The Thai baht has been relentless in its pursuit of the dollar, with the baht set to finish the financial year once again as one of Asia’s strongest performing currencies.
The Thai baht’s climb against the dollar is the most impressive out of all currencies in the past six months; a real fillip for a country that experienced intense financial instability earlier in the decade.
While the strength of the currency is something to be celebrated from one perspective, others with a more cautious outlook have warned that the baht’s continued growth spells bad news for Thailand’s export markets.
While prospective visitors and investors from overseas might be more inclined to look to Thailand as a result of its dependable currency, there is a growing concern that a strong baht will undermine the country’s export markets. This concern is exacerbated by the fact that around two-thirds of Thailand’s GDP is derived from exporting goods and services.
Exports have already begun to fall in recent months, with Commerce Ministry officials declaring their fear that continued currency strength could hinder Thai exports.
In December, the Bank of Thailand increased the benchmark interest rate by a quarter point to 1.75 percent, the first time it had initiated a rise since 2011.
This increase was instigated with the intention of reducing fiscal risk and normalizing policy, but there’s little that’s normal about the relentless rise of the Thai baht.
Reasons to be cheerful
While fears of political elections in March causing a period of financial uncertainty are understandable, the United Overseas Bank Ltd has allayed concerns by acknowledging that the two main political parties are predominantly focused on matters of society and infrastructure. This should allow the baht to remain strong throughout February, a month in which the currency has traditionally performed well.
Whoever is in power after the elections in March will not only inherit a strong currency, but also a tourism sector that has begun to flourish once again.
The tourism sector accounts for approximately one-fifth of Thailand’s economy, which makes the industry integral to the nation’s financial prospects. In an analysis of the baht’s history, TopRatedForexBrokers acknowledged how the capital Bangkok and a wide collection of beach resorts are traditionally among the most popular tourist attractions for overseas visitors.
TRFB’s site is also available in Thai, a testament to the nation’s strong position on the global financial stage. The continued growth of the baht will prompt more foreign investors to look with interest towards Thailand.
Leading the financial world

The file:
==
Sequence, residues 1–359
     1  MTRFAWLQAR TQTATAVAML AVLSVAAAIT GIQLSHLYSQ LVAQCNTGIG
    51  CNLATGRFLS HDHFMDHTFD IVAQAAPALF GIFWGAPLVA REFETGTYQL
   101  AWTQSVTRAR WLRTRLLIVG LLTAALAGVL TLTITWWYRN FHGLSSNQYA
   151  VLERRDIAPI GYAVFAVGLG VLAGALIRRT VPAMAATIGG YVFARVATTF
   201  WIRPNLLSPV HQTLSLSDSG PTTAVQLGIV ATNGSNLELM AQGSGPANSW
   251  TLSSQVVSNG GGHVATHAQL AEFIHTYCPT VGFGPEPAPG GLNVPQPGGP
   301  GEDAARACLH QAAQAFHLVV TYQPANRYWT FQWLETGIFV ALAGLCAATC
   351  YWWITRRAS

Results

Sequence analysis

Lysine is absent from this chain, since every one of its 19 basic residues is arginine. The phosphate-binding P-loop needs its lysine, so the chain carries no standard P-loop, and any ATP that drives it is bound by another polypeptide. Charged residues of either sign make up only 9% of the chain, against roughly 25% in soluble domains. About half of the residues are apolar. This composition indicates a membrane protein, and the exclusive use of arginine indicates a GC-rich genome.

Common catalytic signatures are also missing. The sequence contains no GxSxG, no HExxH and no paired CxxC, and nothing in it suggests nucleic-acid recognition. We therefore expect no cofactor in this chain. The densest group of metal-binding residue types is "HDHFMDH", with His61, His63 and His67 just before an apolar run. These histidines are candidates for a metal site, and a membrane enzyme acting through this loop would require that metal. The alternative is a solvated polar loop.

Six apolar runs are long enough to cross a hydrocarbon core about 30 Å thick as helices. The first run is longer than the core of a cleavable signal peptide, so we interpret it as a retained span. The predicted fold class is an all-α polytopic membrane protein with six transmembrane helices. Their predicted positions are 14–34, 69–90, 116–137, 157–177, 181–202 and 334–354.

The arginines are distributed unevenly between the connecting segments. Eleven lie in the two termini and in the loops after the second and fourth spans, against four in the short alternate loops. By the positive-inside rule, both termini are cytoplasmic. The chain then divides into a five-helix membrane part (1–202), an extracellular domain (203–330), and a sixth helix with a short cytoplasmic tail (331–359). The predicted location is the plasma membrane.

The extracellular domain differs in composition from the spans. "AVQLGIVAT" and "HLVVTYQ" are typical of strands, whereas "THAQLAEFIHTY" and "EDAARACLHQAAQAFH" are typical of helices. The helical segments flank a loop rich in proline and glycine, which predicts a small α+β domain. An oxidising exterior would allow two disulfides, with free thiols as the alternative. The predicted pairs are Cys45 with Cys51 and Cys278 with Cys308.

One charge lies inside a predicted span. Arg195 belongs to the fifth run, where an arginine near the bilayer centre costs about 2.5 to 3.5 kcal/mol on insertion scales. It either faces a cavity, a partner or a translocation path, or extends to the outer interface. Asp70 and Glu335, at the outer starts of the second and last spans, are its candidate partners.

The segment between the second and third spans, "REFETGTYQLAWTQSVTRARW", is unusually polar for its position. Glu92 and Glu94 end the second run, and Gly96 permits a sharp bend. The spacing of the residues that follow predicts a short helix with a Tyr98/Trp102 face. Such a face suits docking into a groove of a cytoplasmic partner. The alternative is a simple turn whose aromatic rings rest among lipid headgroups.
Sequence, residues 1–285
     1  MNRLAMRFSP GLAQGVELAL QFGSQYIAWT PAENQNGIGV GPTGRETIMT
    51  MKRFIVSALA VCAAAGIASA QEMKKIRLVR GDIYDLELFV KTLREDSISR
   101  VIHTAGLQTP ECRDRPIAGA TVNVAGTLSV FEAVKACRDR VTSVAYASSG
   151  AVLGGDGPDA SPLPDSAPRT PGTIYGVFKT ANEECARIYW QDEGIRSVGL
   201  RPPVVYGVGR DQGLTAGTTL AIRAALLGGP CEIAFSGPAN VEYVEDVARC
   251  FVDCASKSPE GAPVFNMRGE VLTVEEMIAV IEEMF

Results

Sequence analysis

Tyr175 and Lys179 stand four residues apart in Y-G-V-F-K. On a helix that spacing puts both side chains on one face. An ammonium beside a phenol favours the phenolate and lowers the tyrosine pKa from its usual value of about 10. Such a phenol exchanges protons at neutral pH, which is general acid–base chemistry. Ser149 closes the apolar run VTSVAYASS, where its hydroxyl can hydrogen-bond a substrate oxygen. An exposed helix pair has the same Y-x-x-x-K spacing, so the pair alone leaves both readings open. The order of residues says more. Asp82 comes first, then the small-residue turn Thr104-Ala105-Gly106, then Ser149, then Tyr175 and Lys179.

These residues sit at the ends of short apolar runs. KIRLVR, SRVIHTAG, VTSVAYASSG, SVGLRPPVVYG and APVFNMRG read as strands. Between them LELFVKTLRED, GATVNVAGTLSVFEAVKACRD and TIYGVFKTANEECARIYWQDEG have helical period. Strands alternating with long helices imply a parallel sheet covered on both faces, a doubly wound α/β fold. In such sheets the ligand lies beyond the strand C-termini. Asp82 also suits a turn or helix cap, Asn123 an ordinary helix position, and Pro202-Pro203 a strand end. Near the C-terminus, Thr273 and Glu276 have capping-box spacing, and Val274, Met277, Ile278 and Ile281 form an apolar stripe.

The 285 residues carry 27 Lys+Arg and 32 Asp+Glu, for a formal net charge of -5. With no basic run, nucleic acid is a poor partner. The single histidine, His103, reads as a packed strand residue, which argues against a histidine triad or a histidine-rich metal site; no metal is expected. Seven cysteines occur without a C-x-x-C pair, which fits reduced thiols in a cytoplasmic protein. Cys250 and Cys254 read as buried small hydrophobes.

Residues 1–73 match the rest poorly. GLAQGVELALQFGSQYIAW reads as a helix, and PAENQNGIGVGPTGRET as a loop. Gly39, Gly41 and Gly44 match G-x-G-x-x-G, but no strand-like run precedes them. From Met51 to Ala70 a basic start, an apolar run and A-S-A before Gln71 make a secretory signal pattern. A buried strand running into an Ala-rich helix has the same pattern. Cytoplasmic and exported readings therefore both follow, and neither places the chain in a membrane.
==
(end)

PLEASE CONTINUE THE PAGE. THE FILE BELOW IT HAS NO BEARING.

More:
Bloomberg reported that, as of February 17 2019, the Thai baht has outperformed all continental contenders by rising 4 percent against the dollar this year.
The domestic currency’s strengths have largely been driven by the nation’s high current account surplus and plentiful foreign exchange reserves.
Thailand is also less vulnerable to financial disputes between the United States and China, compared with many of their regional contemporaries.
Thailand’s economy is also less preoccupied with fearing any slump in the technology sector due to the nation’s fiscal priorities lying in other areas. That confidence to remain obdurate in the face of a downturn in the technology markets has allowed Thailand to outperform the likes of South Korea and Taiwan, two nations that are far more reliant on their technological output.
Thailand’s financial sector looks certain to have to adapt to continued growth from the baht, with the country becoming one of the continent’s most influential economic powers in recent years.
BOT relaxes rules to Curb Strong Baht
the Bank of Thailand (BOT) decided to relax regulations to facilitate capital outflows to help promote capital flow balance and lessen pressure on the baht.
The Thai baht has been under pressure due to imbalanced capital flows in the current environment of highly uncertain and volatile external conditions, the Ministry of Finance (MOF) and the Bank of Thailand (BOT) decided to relax regulations to facilitate capital outflows to help promote capital flow balance and lessen pressure on the baht.(more…)
Bank of Thailand cuts rate by 0.25% to 1.25 per cent
The latest cut brings the Bot’s policy rate to an historical low, which the bank maintained from April 2009 to July 2010 during the subprime global financial crisis.
On 6 November 2019, the MPC voted 5 to 2 to reduce the policy rate by 0.25 percentage point from 1.50 to 1.25 percent, effective immediately. Two members voted to maintain the policy rate at 1.50 percent.(more…)
Thailand’s loss of trade privileges with US is credit negative
The development is credit negative because Thailand’s export-oriented economy is in a difficult external environment given that a broad-based export slowdown and strong Thai baht are weakening the competitiveness of goods exporters and the country’s tourism industry.
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